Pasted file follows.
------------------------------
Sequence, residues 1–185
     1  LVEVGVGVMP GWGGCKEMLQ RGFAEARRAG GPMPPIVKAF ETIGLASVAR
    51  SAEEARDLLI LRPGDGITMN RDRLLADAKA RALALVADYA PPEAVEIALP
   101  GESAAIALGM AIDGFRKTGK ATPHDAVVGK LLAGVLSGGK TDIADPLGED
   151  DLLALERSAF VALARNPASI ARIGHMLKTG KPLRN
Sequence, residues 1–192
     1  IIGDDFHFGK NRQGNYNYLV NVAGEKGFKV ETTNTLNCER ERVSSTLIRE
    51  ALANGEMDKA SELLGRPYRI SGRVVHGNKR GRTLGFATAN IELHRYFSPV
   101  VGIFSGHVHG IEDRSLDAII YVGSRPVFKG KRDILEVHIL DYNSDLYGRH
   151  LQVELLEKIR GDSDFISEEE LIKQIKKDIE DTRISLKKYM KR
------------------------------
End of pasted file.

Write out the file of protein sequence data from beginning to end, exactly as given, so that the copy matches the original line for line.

Sequence, residues 1–185
     1  LVEVGVGVMP GWGGCKEMLQ RGFAEARRAG GPMPPIVKAF ETIGLASVAR
    51  SAEEARDLLI LRPGDGITMN RDRLLADAKA RALALVADYA PPEAVEIALP
   101  GESAAIALGM AIDGFRKTGK ATPHDAVVGK LLAGVLSGGK TDIADPLGED
   151  DLLALERSAF VALARNPASI ARIGHMLKTG KPLRN
Sequence, residues 1–192
     1  IIGDDFHFGK NRQGNYNYLV NVAGEKGFKV ETTNTLNCER ERVSSTLIRE
    51  ALANGEMDKA SELLGRPYRI SGRVVHGNKR GRTLGFATAN IELHRYFSPV
   101  VGIFSGHVHG IEDRSLDAII YVGSRPVFKG KRDILEVHIL DYNSDLYGRH
   151  LQVELLEKIR GDSDFISEEE LIKQIKKDIE DTRISLKKYM KR